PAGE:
Studies of inference from lack of knowledge

Dedre Gentner*, Allan Collins

*Corresponding author for this work

Research output: Contribution to journalArticlepeer-review

53 Scopus citations


Two experiments were performed to investigate the conditions affecting lack-of-knowledge inferences. The lack-of-knowledge inference is a metainference, an inference based on knowledge about one's own knowledge, in which the absence of information concerning a possible assertion is taken as evidence that the assertion is false. In Experiment 1, it was shown that lack of knowledge about an assertion decreases subjects' ratings of the likelihood that the assertion is true. The more important the assertion and the more expert the person who lacks knowledge, the more certain is the lack-of-knowledge inference, as measured by a decrease in the rated likelihood of the assertion. In Experiment 2, a hypothesis about the nature of self-judgments of expertise was tested. This intrinsic observation hypothesis states that expertise relevant to an assertion is determined by the number of similar assertions from the same domain that the person can retrieve. The hypothesis was ruled out by the results of Experiment 2. Other possibilities for the manner in which self-judgments of this kind are made are discussed.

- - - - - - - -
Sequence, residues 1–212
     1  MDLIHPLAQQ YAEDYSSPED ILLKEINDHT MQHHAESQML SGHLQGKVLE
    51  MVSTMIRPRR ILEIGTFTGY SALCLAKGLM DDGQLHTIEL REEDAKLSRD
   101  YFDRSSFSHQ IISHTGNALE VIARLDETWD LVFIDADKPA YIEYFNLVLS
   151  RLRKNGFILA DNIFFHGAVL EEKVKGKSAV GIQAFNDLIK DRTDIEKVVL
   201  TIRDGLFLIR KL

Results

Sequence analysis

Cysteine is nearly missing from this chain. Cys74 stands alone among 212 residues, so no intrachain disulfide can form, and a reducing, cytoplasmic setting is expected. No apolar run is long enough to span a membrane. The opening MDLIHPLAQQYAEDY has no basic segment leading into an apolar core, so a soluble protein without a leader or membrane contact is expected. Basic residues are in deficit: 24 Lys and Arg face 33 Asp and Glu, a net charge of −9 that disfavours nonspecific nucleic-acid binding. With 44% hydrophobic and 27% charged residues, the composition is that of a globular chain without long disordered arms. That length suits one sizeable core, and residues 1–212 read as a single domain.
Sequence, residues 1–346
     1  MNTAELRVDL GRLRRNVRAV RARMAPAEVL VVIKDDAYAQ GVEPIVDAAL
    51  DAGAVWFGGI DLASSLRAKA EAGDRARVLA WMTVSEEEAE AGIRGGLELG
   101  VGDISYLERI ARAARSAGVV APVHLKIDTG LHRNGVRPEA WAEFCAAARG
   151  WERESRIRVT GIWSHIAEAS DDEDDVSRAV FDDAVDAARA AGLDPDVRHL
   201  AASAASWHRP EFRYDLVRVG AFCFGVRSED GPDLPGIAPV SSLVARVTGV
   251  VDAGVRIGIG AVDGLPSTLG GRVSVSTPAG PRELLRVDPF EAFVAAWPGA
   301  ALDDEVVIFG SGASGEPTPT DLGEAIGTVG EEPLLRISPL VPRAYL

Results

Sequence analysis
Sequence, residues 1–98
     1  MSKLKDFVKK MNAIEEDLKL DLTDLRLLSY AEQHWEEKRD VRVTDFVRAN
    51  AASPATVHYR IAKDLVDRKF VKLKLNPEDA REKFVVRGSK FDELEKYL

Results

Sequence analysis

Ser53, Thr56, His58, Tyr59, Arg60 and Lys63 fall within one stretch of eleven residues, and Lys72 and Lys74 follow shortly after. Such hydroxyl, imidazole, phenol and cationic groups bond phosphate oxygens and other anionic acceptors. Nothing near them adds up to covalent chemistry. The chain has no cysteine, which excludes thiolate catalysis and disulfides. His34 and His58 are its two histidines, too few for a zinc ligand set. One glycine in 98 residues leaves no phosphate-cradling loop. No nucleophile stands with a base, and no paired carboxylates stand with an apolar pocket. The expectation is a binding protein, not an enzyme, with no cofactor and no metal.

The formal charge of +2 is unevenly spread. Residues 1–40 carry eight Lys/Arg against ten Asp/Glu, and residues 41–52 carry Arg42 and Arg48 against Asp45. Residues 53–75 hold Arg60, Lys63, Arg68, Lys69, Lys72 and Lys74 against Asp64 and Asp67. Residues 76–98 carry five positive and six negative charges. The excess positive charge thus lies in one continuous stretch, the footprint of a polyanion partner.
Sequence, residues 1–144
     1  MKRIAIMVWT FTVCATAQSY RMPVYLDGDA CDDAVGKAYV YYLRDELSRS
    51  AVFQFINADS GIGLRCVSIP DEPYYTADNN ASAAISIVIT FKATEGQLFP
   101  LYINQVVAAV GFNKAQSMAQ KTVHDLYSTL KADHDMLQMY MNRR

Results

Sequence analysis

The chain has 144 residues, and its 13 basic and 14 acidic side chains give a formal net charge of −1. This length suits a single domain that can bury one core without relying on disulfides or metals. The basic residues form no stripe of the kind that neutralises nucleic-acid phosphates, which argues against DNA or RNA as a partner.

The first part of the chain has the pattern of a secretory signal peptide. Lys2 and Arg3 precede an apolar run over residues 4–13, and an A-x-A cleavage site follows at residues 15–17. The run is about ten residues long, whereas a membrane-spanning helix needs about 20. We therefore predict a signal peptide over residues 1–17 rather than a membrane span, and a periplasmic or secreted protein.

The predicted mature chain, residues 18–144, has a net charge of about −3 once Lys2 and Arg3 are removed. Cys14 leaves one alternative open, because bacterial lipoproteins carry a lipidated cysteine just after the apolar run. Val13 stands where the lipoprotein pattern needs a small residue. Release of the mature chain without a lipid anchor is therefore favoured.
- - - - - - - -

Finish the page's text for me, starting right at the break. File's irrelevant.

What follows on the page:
Original languageEnglish (US)
Pages (from-to)434-443
Number of pages10
JournalMemory & Cognition
Issue number4
StatePublished - Jul 1981

ASJC Scopus subject areas

  • Neuropsychology and Physiological Psychology
  • Experimental and Cognitive Psychology
  • Arts and Humanities (miscellaneous)


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